Liz O'Donnell (Dublin South, Progressive Democrats)
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On behalf of the Progressive Democrats I welcome the Finucane family this evening. As other Members have said, it is deeply regrettable that 17 years after the murder of Mr. Finucane, the Dáil is calling for the long overdue public and independent inquiry into his case. This motion reminds me of a meeting with Mrs. Finucane on the occasion of the tenth anniversary of her husband's death, in my capacity as the then Minister of State at the Department of Foreign Affairs. That meeting made a lasting impression on me as did the reading of the confidential report which was given to the Government by the non-governmental organisation, British Irish Rights Watch, into the allegations of collusion in the murder of Pat Finucane. The report, entitled, Deadly Intelligence — State Involvement in Loyalist Murder in Northern Ireland, was based on a body of material from confidential contacts and sources. It examined collusion allegations concerning the Finucane murder. That report concluded there was a case for an inquiry which was of urgent public interest. The report asserted that machinery within the British system targeted people for murder. It raised issues of the most fundamental concern to all who uphold human rights and the rule of law. One month later at the United Nations Human Rights Commission in Geneva, as Minister of State I urged that the British Government give a full response to the British Irish Rights Watch report. Sadly by that time I also had to urge it to have a full and transparent investigation into the murder of Rosemary Nelson, another murdered lawyer.

Shortly following that UN visit in April 1999, I wrote to the Secretary of State for Northern Ireland, the late Mo Mowlam, enclosing the Government's assessment of the British Irish Rights Watch report:

As the assessment argues, the Finucane case and the associated allegations of collusion fulfil the fundamental requirement of a public inquiry, i.e. that the matter under consideration is of urgent public interest.

My letter continued:

While it is invidious to select one victim as more deserving than another, I believe that the murder of a lawyer is different in symbolic terms. To blur the lines between client and lawyer by targeting the lawyer is a fundamental attack on the rule of law and the concept of equality before the law.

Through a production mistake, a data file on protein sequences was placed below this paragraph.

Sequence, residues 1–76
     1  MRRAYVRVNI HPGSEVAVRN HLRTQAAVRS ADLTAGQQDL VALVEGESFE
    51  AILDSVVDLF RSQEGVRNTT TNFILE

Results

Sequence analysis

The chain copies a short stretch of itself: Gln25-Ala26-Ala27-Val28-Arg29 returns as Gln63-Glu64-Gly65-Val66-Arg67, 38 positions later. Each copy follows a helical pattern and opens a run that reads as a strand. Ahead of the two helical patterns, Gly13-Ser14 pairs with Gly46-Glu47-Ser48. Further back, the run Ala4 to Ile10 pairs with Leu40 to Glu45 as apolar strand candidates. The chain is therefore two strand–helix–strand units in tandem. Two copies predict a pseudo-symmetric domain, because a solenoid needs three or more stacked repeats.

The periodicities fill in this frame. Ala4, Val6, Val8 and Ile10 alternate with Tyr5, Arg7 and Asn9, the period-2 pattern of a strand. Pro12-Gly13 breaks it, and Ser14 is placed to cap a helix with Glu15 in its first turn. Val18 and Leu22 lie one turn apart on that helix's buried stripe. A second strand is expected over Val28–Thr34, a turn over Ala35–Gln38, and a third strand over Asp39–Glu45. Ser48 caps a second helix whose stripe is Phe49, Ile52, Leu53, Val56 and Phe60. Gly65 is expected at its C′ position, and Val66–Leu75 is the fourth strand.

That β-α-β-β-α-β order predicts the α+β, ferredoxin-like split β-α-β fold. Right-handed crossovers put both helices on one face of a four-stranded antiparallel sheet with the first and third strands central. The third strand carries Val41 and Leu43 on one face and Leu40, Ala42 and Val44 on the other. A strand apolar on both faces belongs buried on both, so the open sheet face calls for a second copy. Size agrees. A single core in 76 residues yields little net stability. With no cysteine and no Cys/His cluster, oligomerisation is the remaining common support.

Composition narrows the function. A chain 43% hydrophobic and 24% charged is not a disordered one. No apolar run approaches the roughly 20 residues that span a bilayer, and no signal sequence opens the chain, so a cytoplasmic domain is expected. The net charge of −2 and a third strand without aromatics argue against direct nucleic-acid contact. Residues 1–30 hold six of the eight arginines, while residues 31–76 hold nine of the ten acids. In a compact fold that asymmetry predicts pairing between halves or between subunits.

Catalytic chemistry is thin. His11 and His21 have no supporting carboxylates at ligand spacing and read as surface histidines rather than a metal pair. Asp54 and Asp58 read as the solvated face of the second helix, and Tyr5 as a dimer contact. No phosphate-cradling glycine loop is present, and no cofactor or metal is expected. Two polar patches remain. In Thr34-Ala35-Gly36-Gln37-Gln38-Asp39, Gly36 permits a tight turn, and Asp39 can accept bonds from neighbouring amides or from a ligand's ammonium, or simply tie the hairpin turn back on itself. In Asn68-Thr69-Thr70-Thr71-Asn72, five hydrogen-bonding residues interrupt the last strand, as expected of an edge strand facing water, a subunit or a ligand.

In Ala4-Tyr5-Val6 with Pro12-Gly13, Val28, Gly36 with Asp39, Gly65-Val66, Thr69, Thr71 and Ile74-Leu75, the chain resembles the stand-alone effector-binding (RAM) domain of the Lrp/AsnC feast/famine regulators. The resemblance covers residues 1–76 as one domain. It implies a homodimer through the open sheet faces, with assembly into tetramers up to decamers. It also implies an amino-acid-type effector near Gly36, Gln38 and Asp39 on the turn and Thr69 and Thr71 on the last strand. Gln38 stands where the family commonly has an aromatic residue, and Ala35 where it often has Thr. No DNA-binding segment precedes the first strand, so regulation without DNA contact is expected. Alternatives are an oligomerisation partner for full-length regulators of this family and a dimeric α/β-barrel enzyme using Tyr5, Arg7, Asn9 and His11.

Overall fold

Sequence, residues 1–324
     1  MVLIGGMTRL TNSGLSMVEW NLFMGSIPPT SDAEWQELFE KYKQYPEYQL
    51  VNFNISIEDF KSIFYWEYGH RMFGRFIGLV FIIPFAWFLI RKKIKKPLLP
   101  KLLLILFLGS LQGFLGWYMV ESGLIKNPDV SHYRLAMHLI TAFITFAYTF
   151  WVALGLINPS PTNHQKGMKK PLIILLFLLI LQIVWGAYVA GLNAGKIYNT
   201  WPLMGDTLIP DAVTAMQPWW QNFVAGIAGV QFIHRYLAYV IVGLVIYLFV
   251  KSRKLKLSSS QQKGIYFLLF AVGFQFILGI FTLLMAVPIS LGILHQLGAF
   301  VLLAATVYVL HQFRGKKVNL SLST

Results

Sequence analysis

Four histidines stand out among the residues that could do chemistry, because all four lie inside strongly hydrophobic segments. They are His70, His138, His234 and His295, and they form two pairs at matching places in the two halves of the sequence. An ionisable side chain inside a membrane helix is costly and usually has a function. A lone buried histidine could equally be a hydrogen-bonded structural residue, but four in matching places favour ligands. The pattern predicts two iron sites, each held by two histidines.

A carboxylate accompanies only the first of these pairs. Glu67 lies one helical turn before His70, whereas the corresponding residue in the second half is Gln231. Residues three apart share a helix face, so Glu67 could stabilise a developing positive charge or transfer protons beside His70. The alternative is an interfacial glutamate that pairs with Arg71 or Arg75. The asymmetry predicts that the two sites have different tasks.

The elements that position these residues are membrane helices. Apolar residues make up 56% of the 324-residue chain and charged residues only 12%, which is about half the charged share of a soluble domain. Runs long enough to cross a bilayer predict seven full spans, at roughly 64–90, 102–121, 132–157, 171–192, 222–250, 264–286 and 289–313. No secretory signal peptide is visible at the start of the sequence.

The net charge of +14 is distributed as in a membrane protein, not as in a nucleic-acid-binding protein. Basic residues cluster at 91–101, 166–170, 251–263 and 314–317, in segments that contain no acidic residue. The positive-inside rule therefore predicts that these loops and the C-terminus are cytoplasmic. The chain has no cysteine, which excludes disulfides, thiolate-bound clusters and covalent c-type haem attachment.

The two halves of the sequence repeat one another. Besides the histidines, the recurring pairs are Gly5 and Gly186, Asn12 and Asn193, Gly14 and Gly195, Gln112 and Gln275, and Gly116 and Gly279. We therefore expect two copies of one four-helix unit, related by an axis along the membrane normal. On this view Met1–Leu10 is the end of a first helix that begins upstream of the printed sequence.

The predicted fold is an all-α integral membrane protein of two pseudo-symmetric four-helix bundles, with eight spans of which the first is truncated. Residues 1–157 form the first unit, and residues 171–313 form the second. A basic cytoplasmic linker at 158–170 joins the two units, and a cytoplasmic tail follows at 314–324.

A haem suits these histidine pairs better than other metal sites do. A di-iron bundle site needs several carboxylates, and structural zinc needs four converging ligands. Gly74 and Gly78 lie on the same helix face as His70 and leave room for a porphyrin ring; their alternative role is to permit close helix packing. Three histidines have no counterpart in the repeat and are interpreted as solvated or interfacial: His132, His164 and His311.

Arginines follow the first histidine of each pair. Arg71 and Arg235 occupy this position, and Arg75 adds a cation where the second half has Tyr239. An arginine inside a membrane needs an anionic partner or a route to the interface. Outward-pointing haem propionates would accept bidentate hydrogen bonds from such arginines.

One year later in February 2000, Mrs. Finucane urged the Taoiseach to support the family's bid for an independent public inquiry which has continued to this day. In the interim, the family has had to wait until the Weston Park negotiations to agree the appointment of Judge Peter Cory and for his report to be finally published by the British Government in April 2004. Judge Cory's excellent report reaffirmed that collusion had taken place and also set out clearly the type of public inquiry needed in the case. Lord John Stevens completed three lengthy investigations into this matter but only 17 pages of the third Stevens report were published. He concluded that the British security services were complicit in the murder. As part of the Government we approach the Finucane case as a reckoning with the past to signal that the new dispensation of the Good Friday Agreement represented a new reality and the promise of a new future. My letter to Ms Mo Mowlam was written during a period of increased co-operation and collegiality in relations between the two countries. That relationship has deepened over time with a common approach on many issues between the Governments of Britain and Ireland. It is all the more imperative in light of that understanding and ongoing good relationship between the two Governments that the British Government responds to this motion. The British Government's delay in establishing a public inquiry has become a critical issue. As time passes the credibility of the British position has been eroded. Since the British Irish Rights Watch report was written, two of the key suspects in the case, Mr. William Stobie and Mr. Brian Nelson, have died.